Of course, don’t lose your time with pre C11. C11 is here to stay. C before, just dying dizzy old programmers use that
(p.s. forgot about java. Die!)
Along with all of the suggestions, I cannot stress enough how important it is to learn to use a debugger. printf() is NOT an adequate debugging tool in C++, especially when your code crashes or malfunctions in bizarre ways.
You should be using breakpoints, stepping through your code and looking at stack trace/variable watches/etc.
Log::Write() are also handy (temporary) diagnosis tools.
Wish you luck. IMO anyone who wants to program should start with the basics first, C and C++ as by learning them you get an understanding of how software works in general. C is a very low level language by itself. Myself, I’ve been coding in C++ for awhile and there are still things I sometimes find in examples that I didn’t know you could do or just have never needed before, for example, being able to make your program more dynamic by mapping actual function pointers as variables. I know sounds crazy but that’s why C++ is one of the best because you are allowed to do manual manipulation of memory at the lowest levels.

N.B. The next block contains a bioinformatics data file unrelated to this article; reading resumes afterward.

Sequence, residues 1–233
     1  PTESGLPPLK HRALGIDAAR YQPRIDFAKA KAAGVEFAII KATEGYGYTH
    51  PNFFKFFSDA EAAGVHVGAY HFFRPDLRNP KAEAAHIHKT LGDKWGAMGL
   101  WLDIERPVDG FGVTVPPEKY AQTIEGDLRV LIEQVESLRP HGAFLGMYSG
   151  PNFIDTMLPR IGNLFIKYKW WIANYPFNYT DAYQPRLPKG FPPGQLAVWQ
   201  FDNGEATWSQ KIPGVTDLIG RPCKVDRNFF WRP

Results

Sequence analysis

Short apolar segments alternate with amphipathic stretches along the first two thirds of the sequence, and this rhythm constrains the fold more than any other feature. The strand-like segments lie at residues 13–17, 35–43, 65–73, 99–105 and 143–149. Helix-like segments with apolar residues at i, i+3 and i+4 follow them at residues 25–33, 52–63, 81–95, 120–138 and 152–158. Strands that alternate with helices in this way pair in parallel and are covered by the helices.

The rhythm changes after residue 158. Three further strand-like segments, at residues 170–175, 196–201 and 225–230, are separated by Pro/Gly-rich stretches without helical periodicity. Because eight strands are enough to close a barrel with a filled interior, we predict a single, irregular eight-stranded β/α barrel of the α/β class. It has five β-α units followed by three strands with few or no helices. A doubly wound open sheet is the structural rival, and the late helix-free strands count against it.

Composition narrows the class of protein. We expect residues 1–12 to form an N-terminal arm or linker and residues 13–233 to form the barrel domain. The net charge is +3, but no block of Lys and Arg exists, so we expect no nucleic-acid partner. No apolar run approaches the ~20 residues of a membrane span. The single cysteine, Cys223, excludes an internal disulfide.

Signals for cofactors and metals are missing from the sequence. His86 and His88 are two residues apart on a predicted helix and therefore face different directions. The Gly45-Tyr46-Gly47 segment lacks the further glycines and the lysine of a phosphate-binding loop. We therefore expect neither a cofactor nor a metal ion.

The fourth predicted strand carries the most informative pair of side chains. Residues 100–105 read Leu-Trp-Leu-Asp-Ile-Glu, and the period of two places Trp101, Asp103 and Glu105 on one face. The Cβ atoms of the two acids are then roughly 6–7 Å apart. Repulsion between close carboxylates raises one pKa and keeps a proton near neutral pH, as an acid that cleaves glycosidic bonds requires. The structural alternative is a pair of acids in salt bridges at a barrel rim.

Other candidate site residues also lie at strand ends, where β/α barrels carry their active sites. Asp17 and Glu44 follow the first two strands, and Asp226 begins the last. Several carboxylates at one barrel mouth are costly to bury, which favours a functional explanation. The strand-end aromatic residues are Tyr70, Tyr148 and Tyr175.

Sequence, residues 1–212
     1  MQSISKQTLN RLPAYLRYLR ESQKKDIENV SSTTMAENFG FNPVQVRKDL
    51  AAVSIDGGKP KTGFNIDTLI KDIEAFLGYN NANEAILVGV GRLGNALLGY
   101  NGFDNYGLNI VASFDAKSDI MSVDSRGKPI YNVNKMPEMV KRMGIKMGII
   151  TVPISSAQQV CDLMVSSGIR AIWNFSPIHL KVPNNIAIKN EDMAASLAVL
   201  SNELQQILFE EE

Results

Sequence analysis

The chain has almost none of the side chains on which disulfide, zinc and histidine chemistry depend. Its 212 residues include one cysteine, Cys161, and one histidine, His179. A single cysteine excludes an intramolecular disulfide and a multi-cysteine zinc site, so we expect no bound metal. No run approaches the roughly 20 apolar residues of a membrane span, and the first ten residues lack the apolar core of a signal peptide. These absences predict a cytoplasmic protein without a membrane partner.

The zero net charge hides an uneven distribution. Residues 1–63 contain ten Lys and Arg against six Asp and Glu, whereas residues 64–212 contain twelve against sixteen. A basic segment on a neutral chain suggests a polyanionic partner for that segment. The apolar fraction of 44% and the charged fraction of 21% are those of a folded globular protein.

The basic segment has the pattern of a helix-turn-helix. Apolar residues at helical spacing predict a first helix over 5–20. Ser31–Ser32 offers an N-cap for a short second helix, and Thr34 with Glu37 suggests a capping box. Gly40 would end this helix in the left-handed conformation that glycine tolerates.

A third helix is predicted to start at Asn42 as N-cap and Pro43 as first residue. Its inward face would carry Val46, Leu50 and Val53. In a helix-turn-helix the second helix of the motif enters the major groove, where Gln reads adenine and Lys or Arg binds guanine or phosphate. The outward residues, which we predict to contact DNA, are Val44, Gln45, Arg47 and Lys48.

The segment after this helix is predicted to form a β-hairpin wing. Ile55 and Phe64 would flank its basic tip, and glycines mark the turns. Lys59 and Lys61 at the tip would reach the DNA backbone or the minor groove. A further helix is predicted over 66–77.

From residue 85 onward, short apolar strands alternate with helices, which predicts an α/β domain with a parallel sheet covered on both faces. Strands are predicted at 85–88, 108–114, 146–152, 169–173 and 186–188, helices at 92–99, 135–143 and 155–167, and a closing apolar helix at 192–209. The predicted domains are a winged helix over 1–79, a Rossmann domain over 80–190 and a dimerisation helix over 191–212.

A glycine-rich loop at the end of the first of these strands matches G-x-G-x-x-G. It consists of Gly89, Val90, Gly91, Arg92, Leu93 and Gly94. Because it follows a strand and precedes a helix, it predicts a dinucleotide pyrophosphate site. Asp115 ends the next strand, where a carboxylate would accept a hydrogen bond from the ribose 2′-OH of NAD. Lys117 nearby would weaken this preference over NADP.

C and C++ are all part of the same language. You should learn the latest C++ methodology though, as it makes things much simpler. QT is also a great library to start off with by compiling it. download the source and learn how to compile the source-code yourself.
Learn the standard STD library. Maps are all important for pretty much everything you do.